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Tips from the Bondi Behaviourist on how creating a safe space in the garage can help alleviate your dog’s anxiety

Does your dog spend their day barking or howling while you’re out? Do they like to rip up your favourite cushions during thunderstorms? Perhaps they’re a digger, or a master backyard escapee?

According to the Bondi Behaviourist, Ian Shivers, if this sounds like your household, it’s possible your four-legged friend could be suffering from anxiety.

To shed light on this important issue, we sat down with Ian, a self-professed David Attenborough fan, who decided to study canine behaviour following his adoption of an anxious rescue puppy.

Beginning his career as a volunteer dog trainer at local shelters, Ian now runs a business of his own, helping families and their pets all over Sydney’s east.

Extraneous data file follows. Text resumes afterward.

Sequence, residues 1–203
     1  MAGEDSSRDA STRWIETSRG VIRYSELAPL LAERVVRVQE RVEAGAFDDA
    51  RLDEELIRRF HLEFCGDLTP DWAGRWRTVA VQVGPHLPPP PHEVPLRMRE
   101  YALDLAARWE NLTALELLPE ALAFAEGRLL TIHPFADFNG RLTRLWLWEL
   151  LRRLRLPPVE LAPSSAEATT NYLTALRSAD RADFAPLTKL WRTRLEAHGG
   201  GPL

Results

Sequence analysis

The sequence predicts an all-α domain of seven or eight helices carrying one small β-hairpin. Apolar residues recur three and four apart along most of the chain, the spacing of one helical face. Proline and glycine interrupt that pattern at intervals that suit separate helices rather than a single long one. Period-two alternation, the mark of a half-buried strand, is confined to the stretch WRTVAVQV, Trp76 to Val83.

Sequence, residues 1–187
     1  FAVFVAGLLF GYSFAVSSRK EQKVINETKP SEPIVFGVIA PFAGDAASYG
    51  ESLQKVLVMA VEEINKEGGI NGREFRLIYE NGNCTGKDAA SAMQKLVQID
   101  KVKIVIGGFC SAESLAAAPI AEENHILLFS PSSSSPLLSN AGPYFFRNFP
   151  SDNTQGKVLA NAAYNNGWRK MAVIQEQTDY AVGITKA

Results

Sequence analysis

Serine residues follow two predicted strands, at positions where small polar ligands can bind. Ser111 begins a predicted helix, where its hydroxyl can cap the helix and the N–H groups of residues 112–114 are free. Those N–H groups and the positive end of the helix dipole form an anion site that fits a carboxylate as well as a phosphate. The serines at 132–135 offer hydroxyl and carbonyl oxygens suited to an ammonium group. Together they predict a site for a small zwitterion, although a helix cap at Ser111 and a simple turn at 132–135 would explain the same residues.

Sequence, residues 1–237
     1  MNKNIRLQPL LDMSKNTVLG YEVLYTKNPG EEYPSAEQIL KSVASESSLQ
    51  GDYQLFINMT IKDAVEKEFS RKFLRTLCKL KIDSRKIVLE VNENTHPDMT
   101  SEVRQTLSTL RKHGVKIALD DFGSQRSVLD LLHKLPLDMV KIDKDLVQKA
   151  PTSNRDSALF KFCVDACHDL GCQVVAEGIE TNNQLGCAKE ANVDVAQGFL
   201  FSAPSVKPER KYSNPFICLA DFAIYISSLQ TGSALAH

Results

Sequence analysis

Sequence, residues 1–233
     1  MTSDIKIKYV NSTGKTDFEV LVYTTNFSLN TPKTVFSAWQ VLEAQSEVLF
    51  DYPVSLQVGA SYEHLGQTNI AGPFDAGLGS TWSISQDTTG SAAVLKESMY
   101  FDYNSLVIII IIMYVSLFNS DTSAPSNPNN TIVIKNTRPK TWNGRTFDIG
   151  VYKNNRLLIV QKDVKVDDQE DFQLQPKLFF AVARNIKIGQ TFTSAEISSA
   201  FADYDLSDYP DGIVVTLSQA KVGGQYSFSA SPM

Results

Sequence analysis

Below, Ian shares insights into what can cause anxiety in pets, what you can do about it, and how creating a safe space in the garage can help anxious pets.

Why do our pets get anxious?

Ian notes how our fast-paced world can be overwhelming for people at the best of times, let alone our pets. People should be mindful of their furry family members behaviours, and be aware of the signs of anxiety, so they can better help them cope.

“There are multiple types of anxiety, including social anxiety or separation anxiety. From loud noises such as thunderstorms and fireworks, to changes in environment and unfamiliar visitors, there are also many situations that can lead to a dog’s anxiety,” says Ian.

According to Ian, it’s important to remember that anxious dogs are not destroying items to be spiteful, stubborn or vindictive. They are merely doing the most available behaviour that helps them relieve their stress.

Ian adds that separation anxiety in dogs is increasingly common now, as people return to the office.

“A break in routine and sleep deprivation are some of the issues we are seeing as a result of Covid-19. In particular, family members may have been unintentionally keeping their dogs stimulated for longer than normal,” says Ian.

What can you do about it?